Women and Art in Fiji

A couple of months ago The Fiji Times Online ran a story written by Matilda Simmons that I thought was interesting and would like to summarize for you. The article was titled “Woman Power in Art” and was about an artist in Fiji named Asinate Qima Grace.

Some say art is the expression of human creative skill and imagination. Whether it be in dance, music or visual form such as painting or sculpture, it’s the beauty or emotional power that makes it endearing.

After visiting some of the art galleries around Fiji, one is assured of the great depth in creativity of their local artists. The splash of colors and the traditional designs makes them stand out from the rest of the world. Fijian artists, like other Pacific artists, have their own element of appeal. While some have reached the pinnacle of their career, we have yet to see an artist break through on the international art arena. Here’s hoping we see that in our lifetime.

An emerging artist who is making a name for herself is Asinate Qima Grace. The Ba native took part in her first ever public exhibition at the Sofitel Art Festival last month. The 22-year-old is a self-taught artist with her work mostly done with ink and soft pencils on paper. Just recently she started on acrylic on canvas.

Her art has elements of her cultural Fijian heritage, with a modern and contemporary twist. She says she considers her art as a hobby, mostly giving her pieces to family, friends and just anyone who’s interested in her art. “I hope one day my work will be known professionally,” said the artist who is based at Sigavou Studios. “At the moment I am learning new techniques to better my work.”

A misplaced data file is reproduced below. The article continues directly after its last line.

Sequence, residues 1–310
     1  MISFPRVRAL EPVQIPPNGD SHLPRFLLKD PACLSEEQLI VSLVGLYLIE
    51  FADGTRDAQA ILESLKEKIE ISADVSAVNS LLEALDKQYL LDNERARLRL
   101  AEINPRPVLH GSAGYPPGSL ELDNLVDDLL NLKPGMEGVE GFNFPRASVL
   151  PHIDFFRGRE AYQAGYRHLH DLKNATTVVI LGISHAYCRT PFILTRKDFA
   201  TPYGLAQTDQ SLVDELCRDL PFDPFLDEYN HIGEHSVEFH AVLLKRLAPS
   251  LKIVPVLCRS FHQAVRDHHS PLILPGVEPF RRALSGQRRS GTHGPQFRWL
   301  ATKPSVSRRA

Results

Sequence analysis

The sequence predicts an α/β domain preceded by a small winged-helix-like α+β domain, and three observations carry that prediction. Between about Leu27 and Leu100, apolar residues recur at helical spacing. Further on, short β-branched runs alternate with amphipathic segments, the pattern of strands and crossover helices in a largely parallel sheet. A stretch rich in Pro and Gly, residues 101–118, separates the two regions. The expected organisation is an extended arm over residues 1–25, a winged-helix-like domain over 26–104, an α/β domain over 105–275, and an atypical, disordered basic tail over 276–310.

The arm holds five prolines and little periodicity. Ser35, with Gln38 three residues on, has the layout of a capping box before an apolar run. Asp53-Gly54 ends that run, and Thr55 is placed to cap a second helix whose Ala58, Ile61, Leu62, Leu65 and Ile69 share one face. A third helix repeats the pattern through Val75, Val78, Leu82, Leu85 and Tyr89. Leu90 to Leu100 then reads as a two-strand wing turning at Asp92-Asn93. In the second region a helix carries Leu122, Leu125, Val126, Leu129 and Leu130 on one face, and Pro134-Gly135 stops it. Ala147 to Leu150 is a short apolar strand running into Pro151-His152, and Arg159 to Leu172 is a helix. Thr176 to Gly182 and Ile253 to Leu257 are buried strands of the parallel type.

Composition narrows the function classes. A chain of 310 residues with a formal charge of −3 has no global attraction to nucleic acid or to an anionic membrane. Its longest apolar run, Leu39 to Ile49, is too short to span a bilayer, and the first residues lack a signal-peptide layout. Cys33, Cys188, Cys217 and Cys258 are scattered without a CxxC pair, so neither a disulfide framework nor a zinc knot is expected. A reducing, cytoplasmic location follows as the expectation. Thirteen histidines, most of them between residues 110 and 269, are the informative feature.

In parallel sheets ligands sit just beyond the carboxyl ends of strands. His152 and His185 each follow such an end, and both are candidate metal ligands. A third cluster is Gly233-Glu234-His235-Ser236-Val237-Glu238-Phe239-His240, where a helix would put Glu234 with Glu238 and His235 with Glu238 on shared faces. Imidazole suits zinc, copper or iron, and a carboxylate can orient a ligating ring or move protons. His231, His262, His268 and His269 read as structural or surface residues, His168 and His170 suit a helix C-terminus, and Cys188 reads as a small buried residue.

One of her latest works is “Marama Qaqa”, which is iTaukei for “strong woman” or “woman’s strength”. Grace said those women had nurtured her to be the person she was today. They include her grandmothers, from the maternal and paternal sides and her dear mother. “Their strength, unwavering faith and unique iconic buiniga (traditional Fijian hair style), have always been my inspiration. I want to follow in their footsteps, and hopefully impact a new generation of women in her culture.”

To look at collections from the Sigavou Studios, simply click here.

About islandculturearchivalsupport

Island Culture Archival Support (ICAS) is a nonprofit organization dedicated to the preservation of records pertaining to the cultural identity of island peoples in Melanesia, Micronesia and Polynesia whose national and public archives, libraries, cultural centers, and business organizations are underprivileged, underfunded, and understaffed. The specific purpose for which this nonprofit corporation was formed is to support the needs of these South Pacific cultural heritage institutions by helping to preserve and make accessible records created for business, accountability or cultural purposes. The organization will endeavor to add value by providing resources or volunteers to advise, train, and work among island residents to support their efforts in building their future and preserving their collective memory through the use of modern archival techniques.
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